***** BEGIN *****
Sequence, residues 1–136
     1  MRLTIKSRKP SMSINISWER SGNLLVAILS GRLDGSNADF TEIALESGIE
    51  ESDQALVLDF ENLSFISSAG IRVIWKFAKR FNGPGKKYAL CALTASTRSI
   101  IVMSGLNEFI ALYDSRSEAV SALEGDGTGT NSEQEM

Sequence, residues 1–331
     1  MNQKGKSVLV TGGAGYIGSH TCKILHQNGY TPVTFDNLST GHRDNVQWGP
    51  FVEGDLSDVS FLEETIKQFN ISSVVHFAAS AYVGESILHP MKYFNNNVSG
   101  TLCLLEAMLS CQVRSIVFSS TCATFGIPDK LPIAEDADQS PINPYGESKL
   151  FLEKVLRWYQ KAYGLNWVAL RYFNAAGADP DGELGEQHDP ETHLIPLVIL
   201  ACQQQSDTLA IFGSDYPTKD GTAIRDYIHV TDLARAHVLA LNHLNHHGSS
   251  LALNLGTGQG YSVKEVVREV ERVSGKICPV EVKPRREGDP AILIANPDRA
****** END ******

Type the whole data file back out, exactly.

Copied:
Sequence, residues 1–136
     1  MRLTIKSRKP SMSINISWER SGNLLVAILS GRLDGSNADF TEIALESGIE
    51  ESDQALVLDF ENLSFISSAG IRVIWKFAKR FNGPGKKYAL CALTASTRSI
   101  IVMSGLNEFI ALYDSRSEAV SALEGDGTGT NSEQEM

Sequence, residues 1–331
     1  MNQKGKSVLV TGGAGYIGSH TCKILHQNGY TPVTFDNLST GHRDNVQWGP
    51  FVEGDLSDVS FLEETIKQFN ISSVVHFAAS AYVGESILHP MKYFNNNVSG
   101  TLCLLEAMLS CQVRSIVFSS TCATFGIPDK LPIAEDADQS PINPYGESKL
   151  FLEKVLRWYQ KAYGLNWVAL RYFNAAGADP DGELGEQHDP ETHLIPLVIL
   201  ACQQQSDTLA IFGSDYPTKD GTAIRDYIHV TDLARAHVLA LNHLNHHGSS
   251  LALNLGTGQG YSVKEVVREV ERVSGKICPV EVKPRREGDP AILIANPDRA